OKLAHOMA CITY - Many Oklahomans wait until the end of the year to make donations to non-profits such as Goodwill. 

“Usually this is our heaviest material donation volume of the year, because people are typically wanting to clear out space, and the tax effect of making a donation and filing it on their return,” said Mark Barth, President and CEO of Goodwill Industries of Central Oklahoma.

But this year, that is changing for many Oklahomans under the new tax law. Experts say as many as 95% of Americans will no longer itemize their tax returns. They’ll instead fall under the standard deduction.

Oklahoma Goodwill locations haven’t seen a decrease in donations yet. They say it may take a while for taxpayers to catch on.

“If we were to receive fewer donations, then the result is we have to scale back, and unfortunately, reduce the investment we make in programs and services for those who have challenge to employment,” said Barth.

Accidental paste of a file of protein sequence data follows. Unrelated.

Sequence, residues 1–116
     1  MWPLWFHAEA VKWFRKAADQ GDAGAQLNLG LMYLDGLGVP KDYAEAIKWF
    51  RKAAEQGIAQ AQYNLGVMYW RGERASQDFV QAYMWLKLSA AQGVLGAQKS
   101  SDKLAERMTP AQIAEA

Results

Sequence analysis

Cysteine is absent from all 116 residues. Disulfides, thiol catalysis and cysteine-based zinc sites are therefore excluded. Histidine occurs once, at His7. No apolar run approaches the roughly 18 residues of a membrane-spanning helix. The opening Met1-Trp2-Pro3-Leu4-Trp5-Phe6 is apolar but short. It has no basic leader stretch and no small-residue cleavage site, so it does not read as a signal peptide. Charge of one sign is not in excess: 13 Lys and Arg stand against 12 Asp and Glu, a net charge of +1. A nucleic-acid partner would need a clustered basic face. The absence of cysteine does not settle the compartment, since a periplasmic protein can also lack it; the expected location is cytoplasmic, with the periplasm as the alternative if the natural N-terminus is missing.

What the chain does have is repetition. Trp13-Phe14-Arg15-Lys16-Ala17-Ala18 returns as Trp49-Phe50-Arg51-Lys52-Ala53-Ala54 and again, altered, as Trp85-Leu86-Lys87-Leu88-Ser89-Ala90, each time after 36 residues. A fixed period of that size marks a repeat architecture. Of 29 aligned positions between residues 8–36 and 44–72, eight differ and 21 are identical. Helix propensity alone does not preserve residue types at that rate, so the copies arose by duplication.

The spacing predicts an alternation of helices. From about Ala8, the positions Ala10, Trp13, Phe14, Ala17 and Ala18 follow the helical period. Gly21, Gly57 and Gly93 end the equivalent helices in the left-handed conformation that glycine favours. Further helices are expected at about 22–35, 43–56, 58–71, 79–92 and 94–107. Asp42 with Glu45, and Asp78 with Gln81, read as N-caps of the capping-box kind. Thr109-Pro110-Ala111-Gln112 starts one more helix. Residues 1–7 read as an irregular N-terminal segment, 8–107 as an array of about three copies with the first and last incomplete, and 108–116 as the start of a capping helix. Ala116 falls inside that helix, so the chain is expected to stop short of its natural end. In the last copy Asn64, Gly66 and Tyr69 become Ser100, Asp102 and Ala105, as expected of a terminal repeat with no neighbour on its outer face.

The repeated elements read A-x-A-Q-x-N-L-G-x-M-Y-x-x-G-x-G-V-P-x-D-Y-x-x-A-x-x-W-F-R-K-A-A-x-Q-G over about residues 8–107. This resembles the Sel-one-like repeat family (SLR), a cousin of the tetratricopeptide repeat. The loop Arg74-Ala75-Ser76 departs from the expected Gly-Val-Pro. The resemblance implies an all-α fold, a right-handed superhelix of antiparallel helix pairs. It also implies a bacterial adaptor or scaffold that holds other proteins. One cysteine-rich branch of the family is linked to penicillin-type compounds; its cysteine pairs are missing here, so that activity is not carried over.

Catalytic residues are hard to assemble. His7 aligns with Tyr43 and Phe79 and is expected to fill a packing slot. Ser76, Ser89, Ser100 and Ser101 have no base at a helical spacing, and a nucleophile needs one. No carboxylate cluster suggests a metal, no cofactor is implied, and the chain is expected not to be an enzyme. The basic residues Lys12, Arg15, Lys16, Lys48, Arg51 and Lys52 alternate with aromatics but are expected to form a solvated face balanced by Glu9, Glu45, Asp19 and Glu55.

Experts say many taxpayers will benefit.

“It’s a big winner to the taxpayer because there are many that were able to itemize in the past, but it might only be $17,000 or $18,000. And now, they can get the standard,” said CPA Joshua Jenson.

The law may have changed but making sure to grab a receipt hasn't. Anything is possible

“There could be the year that you have enough to itemize, because one of the big things that's also involved and is also new is the medical. If someone had medical in a year, they might find themselves able to itemize. So, you’d still want those receipts,” said Barth.

Each financial situation is different. It is important to consult with a professional before making any type of big financial decision.